SpaceX set to launch more small satel­lites

Lexington Herald-Leader (Sunday) - - News - BY SAMAN­THA MA­SUNAGA


For the first time, dozens of small satel­lites will ride atop a SpaceX rocket, as a Fal­con 9 is sched­uled to blast into or­bit Sun­day.

The 64 tiny satel­lites range from one built by a Flor­ida mid­dle school to mea­sure the vi­a­bil­ity of thawed bac­te­ria to a Honey­well Aerospace demon­stra­tor that will test new ship com­mu­ni­ca­tion tech­nol­ogy.

All 34 or­ga­ni­za­tions found their way onto the Fal­con 9 rocket with the help of a sort of launch ser­vices bro­ker – a rel­a­tively niche in­dus­try that has grown in tan­dem with the bur­geon­ing small-satel­lite mar­ket.

Small-satel­lite star­tups some­times have lit­tle ex­pe­ri­ence buy­ing launches from com­pa­nies like Hawthornebased SpaceX and France’s Ari­anes­pace, said Bill Ostrove, aerospace and de­fense an­a­lyst at Fore­cast In­ter­na­tional. At the same time, these launch ser­vice providers are look­ing for help to co­or­di­nate the del­uge of de­vel­op­ers look­ing to send small satel­lites into space, he said.

Sun­day’s sched­uled SpaceX launch is three years in the mak­ing for Seat­tle-based Space­flight, which bought the en­tire Fal­con 9 rocket to ac­com­mo­date its var­i­ous cus­tomers. The launch will be Space­flight’s first ride-share mis­sion ded­i­cated ex­clu­sively to small satel­lites.

The pur­chase in­di­cates that the small satel­lite in­dus­try is “healthy and thriv­ing,” said Kerri Ca­hoy, as­so­ciate pro­fes­sor of aero­nau­tics and as­tro­nau­tics at MIT.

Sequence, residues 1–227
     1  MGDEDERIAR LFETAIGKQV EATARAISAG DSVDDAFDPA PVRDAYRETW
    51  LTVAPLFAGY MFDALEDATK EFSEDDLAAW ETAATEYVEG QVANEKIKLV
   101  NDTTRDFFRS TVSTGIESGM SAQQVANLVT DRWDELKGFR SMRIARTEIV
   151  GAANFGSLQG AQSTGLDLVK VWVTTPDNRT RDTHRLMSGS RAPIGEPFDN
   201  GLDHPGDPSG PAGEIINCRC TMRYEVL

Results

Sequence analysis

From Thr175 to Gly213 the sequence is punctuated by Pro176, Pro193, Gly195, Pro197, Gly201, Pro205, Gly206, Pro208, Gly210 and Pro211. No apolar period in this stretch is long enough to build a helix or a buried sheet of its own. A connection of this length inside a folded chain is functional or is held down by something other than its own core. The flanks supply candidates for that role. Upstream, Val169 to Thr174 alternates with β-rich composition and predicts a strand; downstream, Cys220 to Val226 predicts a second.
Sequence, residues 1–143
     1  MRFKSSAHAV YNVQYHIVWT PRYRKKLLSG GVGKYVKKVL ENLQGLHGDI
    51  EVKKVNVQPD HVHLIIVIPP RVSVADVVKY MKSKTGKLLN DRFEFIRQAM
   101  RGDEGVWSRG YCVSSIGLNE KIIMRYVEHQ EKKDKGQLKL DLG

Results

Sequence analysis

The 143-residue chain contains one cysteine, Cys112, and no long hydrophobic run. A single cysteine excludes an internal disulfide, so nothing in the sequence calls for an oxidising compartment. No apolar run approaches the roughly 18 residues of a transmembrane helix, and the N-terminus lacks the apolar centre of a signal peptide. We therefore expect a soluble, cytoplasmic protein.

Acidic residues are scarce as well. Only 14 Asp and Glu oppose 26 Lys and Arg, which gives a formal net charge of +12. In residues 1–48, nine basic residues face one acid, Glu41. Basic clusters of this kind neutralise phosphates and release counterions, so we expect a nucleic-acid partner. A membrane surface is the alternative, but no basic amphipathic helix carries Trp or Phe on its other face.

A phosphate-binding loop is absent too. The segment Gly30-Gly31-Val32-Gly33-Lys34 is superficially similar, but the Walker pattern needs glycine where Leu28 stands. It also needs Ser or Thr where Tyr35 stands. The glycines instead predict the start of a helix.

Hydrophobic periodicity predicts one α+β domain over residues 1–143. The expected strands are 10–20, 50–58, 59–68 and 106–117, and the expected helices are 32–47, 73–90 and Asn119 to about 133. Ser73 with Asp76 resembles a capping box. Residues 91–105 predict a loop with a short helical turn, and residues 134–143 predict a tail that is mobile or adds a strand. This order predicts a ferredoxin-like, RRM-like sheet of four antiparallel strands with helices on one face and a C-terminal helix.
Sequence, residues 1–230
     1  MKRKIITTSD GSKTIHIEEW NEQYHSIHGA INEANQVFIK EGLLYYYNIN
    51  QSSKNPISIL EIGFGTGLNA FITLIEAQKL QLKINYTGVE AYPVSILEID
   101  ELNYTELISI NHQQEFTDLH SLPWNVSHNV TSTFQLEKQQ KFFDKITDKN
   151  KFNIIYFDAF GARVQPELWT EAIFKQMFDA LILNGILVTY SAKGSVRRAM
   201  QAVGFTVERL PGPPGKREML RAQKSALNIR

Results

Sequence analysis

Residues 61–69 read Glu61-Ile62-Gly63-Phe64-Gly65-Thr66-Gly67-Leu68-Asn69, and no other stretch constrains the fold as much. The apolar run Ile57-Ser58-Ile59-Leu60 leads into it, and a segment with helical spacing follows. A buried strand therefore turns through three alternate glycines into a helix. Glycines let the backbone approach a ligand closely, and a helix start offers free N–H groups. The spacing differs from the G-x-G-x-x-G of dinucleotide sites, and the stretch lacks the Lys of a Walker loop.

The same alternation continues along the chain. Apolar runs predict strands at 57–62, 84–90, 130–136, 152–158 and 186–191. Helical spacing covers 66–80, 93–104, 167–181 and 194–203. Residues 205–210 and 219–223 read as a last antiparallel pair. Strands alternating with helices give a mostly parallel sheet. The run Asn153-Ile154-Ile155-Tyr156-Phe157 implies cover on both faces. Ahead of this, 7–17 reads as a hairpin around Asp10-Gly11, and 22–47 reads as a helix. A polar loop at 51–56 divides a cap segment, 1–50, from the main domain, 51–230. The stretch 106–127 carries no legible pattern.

“There’s a lot of new busi­nesses … and a steady stream” of cus­tomers, Ca­hoy said.

Space­flight got its start about six years ago by help­ing cus­tomers test their small satel­lites, ob­tain the nec­es­sary launch and op­er­at­ing li­censes be­fore ship­ping the space­craft to the launch site, and in­te­grate them onto the rocket, said Curt Blake, Space­flight pres­i­dent.

Typ­i­cally, small satel­lites get to space by “pig­gy­back­ing” on the launch of a larger satel­lite and fit­ting in where there’s space on the rocket. The best known ex­am­ple is a 2017 launch of the In­dian space agency’s PSLV rocket, which de­ployed a 1,574-pound satel­lite as well as 103 small satel­lites.

While ride-shar­ing can be a more af­ford­able way to reach or­bit, it also means the tiny space­craft are sub­ject to the tim­ing and or­bit des­ti­na­tion of the pri­mary satel­lite. There is now an­other way. Hunt­ing­ton Beach’s Rocket Lab has de­vel­oped and launched its Elec­tron rocket, which is de­signed specif­i­cally to carry small satel­lites and to al­low more flex­i­bil­ity in time and or­bit.

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